There is nothing wrong with trying to milk additional profits from a winning position, but the disciplined trader knows how to adjust that position to both lock in a substantial portion of the gains and still own a limited-risk position with the opportunity to increase profits.
The disciplined trader also knows that when things go awry – such as when the news is announced and the market gives a big yawn – just exit the trade, accept the loss and move on. Do not hold, hoping for a miraculous stock price change.
Premium buying is the less-traveled road, but it can be profitable for the well-prepared, disciplined trader. It doesn't mean it is better or worse than premium selling. It just means that there is more than one road to Rome.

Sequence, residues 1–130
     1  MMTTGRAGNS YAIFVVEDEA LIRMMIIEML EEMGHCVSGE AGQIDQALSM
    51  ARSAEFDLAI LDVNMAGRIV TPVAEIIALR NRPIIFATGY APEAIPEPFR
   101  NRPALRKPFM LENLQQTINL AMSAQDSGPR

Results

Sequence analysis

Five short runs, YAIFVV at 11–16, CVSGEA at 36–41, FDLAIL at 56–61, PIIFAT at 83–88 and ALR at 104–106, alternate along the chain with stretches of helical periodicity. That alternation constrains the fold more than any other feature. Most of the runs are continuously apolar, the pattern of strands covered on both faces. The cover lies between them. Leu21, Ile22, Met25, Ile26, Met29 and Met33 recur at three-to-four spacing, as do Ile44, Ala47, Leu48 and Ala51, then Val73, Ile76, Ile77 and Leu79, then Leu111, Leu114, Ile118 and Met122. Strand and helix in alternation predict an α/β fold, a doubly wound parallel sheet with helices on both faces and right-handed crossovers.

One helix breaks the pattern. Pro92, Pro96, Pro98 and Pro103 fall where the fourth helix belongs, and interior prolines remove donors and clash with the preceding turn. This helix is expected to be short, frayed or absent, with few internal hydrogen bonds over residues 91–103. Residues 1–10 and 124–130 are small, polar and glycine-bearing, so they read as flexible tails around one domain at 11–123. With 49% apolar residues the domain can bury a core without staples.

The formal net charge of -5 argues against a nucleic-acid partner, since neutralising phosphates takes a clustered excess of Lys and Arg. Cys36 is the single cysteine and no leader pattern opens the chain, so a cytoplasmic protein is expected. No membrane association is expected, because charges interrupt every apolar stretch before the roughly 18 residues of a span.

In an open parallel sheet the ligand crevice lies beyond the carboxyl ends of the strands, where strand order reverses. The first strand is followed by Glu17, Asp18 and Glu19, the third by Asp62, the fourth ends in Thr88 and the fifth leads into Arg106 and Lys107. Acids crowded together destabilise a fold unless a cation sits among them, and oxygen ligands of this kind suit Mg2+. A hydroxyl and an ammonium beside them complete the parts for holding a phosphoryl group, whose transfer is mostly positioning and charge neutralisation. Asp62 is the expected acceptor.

Don’t be a bystander or a passive spectator to your own life, choose wisely and create your own reality.
Mark Wolfinger has been in the options business since 1977, when he began his career as a floor trader at the Chicago Board Options Exchange (CBOE). Since leaving the Exchange, Mark has been giving trading seminars as well as providing individual mentoring via telephone, email and his premium Options For Rookies blog. Mark has published four books about options. His Options For Rookies book is a classic primer and a must read for every options trader. Mark holds a BS from Brooklyn College and a PhD in chemistry from Northwestern University.